This study examined the PREDIMED-Plus trial as a longitudinal, observational cohort to evaluate the relationship between adherence to a priori dietary patterns and changes in cognitive performance in community-dwelling older adults with overweight or obesity and at high cardiovascular disease risk. Findings suggested that the MedDiet may support cognitive function in older age as significant beneficial associations were observed between greater adherence to the MedDiet with favorable cognitive changes in MMSE, TMT-A, and TMT-B assessments over the follow-up period of 2 years. This represented better general cognitive function, as well as executive function specifically attention and processing speed and cognitive flexibility in those with higher adherence to a MedDiet. Findings also indicated that the MIND diet may be associated with better working memory based on higher adherence being related to higher DST-b assessment. However, the DASH diet was not beneficially associated with 2-year changes in cognitive function in this population with overweight or obesity at high cardiovascular disease risk. The observed advantageous associations between adherence to the MedDiet and cognition align with previous findings presented in systematic reviews and meta-analyses of observational studies suggesting associations between MedDiet adherence with slower cognitive decline, lower risk of dementia (especially Alzheimer’s disease), and reduced conversion of mild cognitive impairment to Alzheimer’s disease (Singh et al., 2014; Loughrey et al., 2017; Wu and Sun, 2017). Recently, a meta-analysis including nine prospective cohort studies reported that high adherence to the MedDiet was associated with a 21% risk reduction in pooled cognitive disorders, in addition to a dose-response with positive findings almost exclusively limited to higher MedDiet adherence (Wu and Sun, 2017). Furthermore, neuroimaging evaluations have found evidence in favor of a protective effect (Karstens et al., 2019). Nevertheless, it is interesting to highlight that previous prospective cohort studies generally had 4 or more years of follow-up, many of which were conducted in relatively healthy, non-Mediterranean populations, with many of the cognitive assessments using screening tests based on criteria to discriminate overall mild cognitive impairment or dementia. Our study also found a positive association between higher adherence to MedDiet and a screening test (MMSE) but also showed specific beneficial associations for executive functioning, including attention and processing speed (TMT-A) and cognitive flexibility (TMT-B). Conversely, a systematic review of randomized controlled trials (nine reports, five unique trials) showed inconsistent findings when comparing a MedDiet with either a waiting list, usual diet, or a low-fat control group for a duration ranging from 10 days to 6.5 years on cognition or brain morphology and function (Radd-Vagenas et al., 2018). However, the authors stated that significant and clinically meaningful effect sizes were found for cognitive composites in the largest and most robust trial, with a duration of 4.1 years, conducted within the context of the PREDIMED trial (Valls-Pedret et al., 2015). Furthermore, in a more recent analysis of a smaller sub-cohort of the PREDIMED-Plus trial evaluating cognition, higher adherence to an energy-reduced MedDiet was associated with greater improvements in memory; however, interpretation of these findings was related to the interplay with weight loss (Soldevila-Domenech et al., 2021). In this study population, we did not find an association for the GCF, which may be explained by the short duration (2 years) and by the broad neuropsychological battery utilized compared with other studies. However, the present findings further support the MedDiet for better cognition while suggesting that beneficial associations may be observable within a shorter timeframe and have applicability for populations at greater risk of cognitive decline (older, with overweight or obesity, and at high risk of cardiovascular disease), which could have implications for improving quality of life. In particular, obesity and its comorbidities are associated with accelerated cognitive decline and impaired cognitive performance including neurodegenerative pathologies, such as dementia, in later life (Dye et al., 2017).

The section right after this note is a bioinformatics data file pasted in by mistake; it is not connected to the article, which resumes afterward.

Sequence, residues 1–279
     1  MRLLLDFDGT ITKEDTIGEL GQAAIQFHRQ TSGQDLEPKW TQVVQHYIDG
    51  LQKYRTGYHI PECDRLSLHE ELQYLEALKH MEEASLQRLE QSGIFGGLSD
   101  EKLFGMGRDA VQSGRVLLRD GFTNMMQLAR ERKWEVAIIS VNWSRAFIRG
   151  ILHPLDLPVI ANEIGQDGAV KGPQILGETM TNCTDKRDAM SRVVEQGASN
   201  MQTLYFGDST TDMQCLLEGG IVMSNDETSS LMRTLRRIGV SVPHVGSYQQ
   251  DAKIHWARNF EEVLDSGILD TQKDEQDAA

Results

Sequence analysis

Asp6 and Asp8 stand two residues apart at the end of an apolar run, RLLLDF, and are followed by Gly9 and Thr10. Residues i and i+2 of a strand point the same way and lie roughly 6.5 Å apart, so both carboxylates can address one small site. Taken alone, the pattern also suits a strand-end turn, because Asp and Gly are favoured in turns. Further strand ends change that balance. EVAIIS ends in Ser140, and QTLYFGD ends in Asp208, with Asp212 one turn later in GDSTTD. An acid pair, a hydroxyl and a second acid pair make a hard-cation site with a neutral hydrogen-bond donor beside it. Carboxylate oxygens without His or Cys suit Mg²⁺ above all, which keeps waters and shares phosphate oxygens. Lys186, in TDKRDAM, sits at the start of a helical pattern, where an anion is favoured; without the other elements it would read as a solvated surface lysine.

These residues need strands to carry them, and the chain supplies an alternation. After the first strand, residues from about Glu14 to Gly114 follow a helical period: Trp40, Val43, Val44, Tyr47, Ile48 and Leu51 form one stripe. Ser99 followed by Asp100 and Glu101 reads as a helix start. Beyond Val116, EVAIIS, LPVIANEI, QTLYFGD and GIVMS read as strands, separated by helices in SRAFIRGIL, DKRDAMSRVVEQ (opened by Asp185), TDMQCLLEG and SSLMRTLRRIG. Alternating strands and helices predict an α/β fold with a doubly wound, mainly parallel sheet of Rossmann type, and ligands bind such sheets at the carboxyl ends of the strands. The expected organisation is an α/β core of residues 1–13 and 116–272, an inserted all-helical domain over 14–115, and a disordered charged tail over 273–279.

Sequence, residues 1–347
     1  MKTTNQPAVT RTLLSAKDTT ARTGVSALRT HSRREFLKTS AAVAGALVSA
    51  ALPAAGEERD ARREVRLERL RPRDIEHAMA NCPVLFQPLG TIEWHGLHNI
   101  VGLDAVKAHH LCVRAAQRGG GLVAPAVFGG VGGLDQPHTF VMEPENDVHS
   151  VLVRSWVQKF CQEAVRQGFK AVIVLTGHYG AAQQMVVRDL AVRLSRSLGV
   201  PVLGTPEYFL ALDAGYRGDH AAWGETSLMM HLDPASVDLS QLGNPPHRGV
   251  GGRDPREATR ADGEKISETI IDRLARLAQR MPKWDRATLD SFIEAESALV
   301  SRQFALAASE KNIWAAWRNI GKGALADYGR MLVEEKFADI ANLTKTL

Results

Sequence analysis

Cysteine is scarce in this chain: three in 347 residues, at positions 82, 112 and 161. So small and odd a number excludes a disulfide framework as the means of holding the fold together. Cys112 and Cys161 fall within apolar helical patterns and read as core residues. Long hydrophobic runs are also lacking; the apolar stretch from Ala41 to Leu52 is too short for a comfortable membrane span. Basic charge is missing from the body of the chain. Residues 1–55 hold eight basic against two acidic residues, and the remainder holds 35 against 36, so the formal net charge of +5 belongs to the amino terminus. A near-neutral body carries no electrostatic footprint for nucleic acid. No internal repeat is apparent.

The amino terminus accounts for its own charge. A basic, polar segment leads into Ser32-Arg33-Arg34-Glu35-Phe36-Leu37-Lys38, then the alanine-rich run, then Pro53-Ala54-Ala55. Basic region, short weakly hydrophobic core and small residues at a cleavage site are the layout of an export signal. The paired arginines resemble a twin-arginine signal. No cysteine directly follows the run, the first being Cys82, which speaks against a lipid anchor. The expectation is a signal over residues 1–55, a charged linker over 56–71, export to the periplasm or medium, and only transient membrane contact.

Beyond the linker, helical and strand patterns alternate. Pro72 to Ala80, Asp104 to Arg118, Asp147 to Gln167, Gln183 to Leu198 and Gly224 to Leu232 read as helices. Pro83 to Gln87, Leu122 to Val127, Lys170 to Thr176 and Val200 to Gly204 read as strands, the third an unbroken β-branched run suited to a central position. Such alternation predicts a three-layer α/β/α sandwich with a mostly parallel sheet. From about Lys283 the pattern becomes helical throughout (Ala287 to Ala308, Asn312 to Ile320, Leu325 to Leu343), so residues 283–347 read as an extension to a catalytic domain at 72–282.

While a significant association was seen in the present analyses with the MedDiet and MIND diet within a shorter follow-up duration with some cognitive function assessments compared with other prospective cohort studies that have been conducted, this relationship was not found with the DASH diet. While MedDiet has been associated with a lower risk of cognitive impairment, it has not always been associated with a slower decline in cognitive function (Keenan et al., 2020). Inconsistent findings have previously been observed with the DASH diet (van den Brink et al., 2019). However, MIND dietary adherence has been associated with better cognitive function across various domains in a systematic review of 13 MIND studies (9 cohorts, 3 cross-sectional, and 1 RCT) evaluating cognitive functioning in older adults (Kheirouri and Alizadeh, 2021). The observed discrepancies with present findings may be related to differences in the types of foods consumed by the study population, and a potential threshold effect related to the amount of each food component consumed, as well as the cognitive tests performed.